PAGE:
I struggled. And then struggled some more. In front of me was the facelifted Honda Accord, arguably one of the best-selling cars in the world, and there I was struggling to notice what was new. Truth be told, there was nothing wrong with the way the Accord looked and so Honda, in their must-facelift-or-commit-harakiri mood, decided to just make changes so subtle that they’re barely noticeable.
Okay, so exaggeration doesn’t help, but it certainly could have helped the Accord. What you get here is a slightly curvaceous front bumper, a triple chrome strip-ed front-grille (à la Ridgeline) and a chrome strip under each of the reflectors at the rear. Want more? Turn indicators on the mirrors and sunroof on the 2.4 models and on the inside, a new darker wood trim.
That’s it? Well, from the looks of it, yes. So why am I bothering you with so many words? Well, you see, I drove the Skoda Superb manual just the week prior to the ‘new’ Accord’s launch, and as some journos decided to hog the 3.5 V6 and 2.4 automatics on our drive to Agra, it seemed that luck and Excel sheets had me behind the wheel of a 2.4 manual. Lucky, aren’t I?
Without further ado, let me tell you more. The car is likely to be priced at Rs 19.25 lakh, ex-showroom, New Delhi, making it some Rs 75,000 more than the outgoing car. Frankly, Honda could have refrained from making a price hike, but then that would not have been possible now, would it? Anyway, so there’s nothing to take away from the Accord and its brilliance. I spent the first half of my journey in the back seat, and from what I could remember, the seat was just as comfortable as the car we drove halfway around the country on our Peace Drive for our January 2009 anniversary issue. The seat squab and under-thigh support are just as good, though I continue to find the hip-point a bit of a sore spot for my frame. Legroom is as fantastic as ever; however, I’d say the Superb probably offers a bit extra.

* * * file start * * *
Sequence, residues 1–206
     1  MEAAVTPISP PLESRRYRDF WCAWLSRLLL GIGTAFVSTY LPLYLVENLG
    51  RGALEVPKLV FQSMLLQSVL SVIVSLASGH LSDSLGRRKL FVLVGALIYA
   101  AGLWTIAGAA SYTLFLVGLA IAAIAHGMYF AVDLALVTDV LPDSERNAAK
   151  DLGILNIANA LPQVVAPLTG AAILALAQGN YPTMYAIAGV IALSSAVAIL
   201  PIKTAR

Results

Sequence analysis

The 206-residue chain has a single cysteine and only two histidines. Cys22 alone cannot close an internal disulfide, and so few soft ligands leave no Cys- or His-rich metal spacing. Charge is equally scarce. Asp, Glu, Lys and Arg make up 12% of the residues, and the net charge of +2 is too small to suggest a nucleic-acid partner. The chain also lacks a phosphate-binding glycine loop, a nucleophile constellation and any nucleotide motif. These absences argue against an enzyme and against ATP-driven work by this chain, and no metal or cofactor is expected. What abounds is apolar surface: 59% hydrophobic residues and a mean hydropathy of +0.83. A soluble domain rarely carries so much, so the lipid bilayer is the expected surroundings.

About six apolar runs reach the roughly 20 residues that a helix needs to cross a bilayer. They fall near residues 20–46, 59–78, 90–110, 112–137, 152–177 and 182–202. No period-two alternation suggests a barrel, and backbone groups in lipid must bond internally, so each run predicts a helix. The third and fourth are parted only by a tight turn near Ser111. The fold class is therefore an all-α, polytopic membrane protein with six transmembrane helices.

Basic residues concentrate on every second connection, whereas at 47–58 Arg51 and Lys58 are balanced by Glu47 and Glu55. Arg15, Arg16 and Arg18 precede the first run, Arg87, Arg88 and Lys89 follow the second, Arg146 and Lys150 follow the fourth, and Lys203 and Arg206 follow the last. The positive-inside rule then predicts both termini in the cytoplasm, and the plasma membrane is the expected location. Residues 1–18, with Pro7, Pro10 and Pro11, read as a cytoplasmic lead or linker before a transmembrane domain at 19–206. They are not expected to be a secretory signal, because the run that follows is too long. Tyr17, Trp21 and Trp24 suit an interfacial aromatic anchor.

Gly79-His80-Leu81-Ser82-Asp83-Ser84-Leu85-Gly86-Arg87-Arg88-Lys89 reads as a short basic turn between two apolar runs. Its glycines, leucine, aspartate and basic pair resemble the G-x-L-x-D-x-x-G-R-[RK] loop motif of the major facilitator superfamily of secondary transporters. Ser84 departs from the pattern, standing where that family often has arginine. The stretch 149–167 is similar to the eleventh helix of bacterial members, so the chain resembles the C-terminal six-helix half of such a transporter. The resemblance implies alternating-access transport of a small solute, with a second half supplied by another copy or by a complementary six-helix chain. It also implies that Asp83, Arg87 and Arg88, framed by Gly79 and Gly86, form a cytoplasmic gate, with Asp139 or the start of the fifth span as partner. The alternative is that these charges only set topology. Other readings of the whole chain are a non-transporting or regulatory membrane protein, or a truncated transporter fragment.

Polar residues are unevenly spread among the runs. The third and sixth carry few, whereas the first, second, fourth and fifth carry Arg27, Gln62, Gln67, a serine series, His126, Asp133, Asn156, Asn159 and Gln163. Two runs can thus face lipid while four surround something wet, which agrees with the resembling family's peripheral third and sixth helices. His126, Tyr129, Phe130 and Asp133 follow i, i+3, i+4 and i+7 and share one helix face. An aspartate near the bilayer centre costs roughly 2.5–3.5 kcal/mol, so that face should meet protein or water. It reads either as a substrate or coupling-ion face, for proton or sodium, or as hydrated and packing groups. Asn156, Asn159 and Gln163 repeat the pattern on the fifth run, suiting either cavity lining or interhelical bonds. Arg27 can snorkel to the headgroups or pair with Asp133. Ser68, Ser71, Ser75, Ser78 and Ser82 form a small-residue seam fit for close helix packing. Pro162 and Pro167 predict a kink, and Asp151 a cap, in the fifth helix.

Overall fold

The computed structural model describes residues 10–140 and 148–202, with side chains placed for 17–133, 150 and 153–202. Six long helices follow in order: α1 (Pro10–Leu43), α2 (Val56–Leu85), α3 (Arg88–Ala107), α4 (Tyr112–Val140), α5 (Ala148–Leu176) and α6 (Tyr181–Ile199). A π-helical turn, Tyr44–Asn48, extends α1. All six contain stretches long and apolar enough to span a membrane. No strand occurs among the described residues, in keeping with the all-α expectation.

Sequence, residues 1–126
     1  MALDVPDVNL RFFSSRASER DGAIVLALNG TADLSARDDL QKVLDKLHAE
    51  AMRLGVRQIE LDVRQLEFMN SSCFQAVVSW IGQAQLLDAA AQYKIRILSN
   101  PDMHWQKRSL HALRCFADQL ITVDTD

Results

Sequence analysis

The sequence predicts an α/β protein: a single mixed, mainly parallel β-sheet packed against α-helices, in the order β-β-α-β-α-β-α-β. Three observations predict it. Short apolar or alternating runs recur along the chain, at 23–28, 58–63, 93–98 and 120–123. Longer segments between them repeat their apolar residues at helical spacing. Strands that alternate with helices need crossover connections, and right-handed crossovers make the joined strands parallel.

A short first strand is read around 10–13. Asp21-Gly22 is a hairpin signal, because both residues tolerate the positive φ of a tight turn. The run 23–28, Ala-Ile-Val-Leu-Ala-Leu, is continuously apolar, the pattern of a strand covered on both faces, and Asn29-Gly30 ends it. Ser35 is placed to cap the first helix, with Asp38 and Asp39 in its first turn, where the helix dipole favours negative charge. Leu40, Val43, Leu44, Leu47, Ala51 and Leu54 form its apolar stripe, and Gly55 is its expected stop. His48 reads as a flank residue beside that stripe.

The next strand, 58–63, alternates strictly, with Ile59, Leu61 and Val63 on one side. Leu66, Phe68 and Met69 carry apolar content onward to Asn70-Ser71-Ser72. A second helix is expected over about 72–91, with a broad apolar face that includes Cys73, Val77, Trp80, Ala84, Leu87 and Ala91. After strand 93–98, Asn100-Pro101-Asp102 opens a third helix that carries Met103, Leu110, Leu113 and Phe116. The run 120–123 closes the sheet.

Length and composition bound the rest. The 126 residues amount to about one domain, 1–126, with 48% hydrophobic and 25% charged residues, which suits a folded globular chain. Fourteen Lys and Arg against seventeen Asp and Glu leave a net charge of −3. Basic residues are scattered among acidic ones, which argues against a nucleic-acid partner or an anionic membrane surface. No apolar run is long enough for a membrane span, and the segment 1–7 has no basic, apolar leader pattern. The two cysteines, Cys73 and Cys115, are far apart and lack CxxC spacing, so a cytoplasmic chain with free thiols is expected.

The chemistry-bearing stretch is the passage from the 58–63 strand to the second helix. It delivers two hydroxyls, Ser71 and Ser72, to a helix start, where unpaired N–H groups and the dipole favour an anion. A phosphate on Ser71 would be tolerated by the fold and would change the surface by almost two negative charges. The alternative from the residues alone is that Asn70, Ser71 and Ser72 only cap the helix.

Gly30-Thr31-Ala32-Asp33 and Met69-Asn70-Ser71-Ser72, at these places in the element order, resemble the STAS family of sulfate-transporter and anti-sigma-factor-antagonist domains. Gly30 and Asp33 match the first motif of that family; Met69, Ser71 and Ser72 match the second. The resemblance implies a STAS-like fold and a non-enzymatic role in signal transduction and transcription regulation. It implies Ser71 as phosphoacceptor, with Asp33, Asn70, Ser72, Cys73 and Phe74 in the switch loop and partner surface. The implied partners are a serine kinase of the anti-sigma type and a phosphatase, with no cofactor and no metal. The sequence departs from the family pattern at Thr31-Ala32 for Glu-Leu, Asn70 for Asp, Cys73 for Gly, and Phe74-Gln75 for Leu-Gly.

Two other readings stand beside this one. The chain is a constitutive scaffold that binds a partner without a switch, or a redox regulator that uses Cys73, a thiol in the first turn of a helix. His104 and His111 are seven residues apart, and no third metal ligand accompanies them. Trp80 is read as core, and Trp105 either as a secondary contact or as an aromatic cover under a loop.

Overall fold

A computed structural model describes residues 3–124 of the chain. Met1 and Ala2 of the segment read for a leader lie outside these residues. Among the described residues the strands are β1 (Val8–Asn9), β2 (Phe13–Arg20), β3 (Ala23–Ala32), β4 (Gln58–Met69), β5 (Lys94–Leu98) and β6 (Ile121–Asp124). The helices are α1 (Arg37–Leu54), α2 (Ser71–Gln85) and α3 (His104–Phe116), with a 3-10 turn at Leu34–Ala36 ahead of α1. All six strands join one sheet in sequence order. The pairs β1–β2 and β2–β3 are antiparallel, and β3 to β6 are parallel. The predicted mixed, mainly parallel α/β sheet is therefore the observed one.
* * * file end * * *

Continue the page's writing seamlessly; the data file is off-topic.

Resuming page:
When the opportunity arose, the driver’s seat was still the best place to be. Although it’s primarily a chauffeur- driven car in our country, the Accord still makes for a decent steer. The front end is taut and the steering provides decent feedback, too. Throw it into a corner and the Accord exhibits good dynamics for what is a car nearing five metres in length. It turns in well and is predictable, but still a touch soft and isn’t as sporty as the Superb around a corner. Nevertheless, ride quality is the Accord’s strength, which is why most owners prefer to spend time in the back seat rather than the front. Not me, though.
The 2.4-litre i-VTEC, with 177 bhp on offer, is quite a joy to use as long as you use the five available ratios to spin the motor upwards of 3,000 rpm. Slick shifting and always a pleasure to slot, the gearbox has nicely spread out top three ratios that make it a relaxed highway cruiser. The automatic isn’t a bad option either, though slightly slow on the downshifts; the V6, as always, is a blast!
Given its credentials, we don’t see why Honda can’t better their current sales numbers, at least in the short-to-mid-term, which should mean that this facelifted Accord will be around for a good two to three years more. Alas, we would have liked Honda to offer some more kit for the asking price – a comprehensive multi-information trip meter and even a navigation system to distinguish it from the Superb, perhaps. The Superb also comes with a diesel option, which we don’t think will be offered by Honda until the next-gen Accord hits our shores. Still, we believe that the Skoda is the better car in this category, though the Honda is a better peace-of-mind package. There, I’ve stopped struggling for words now.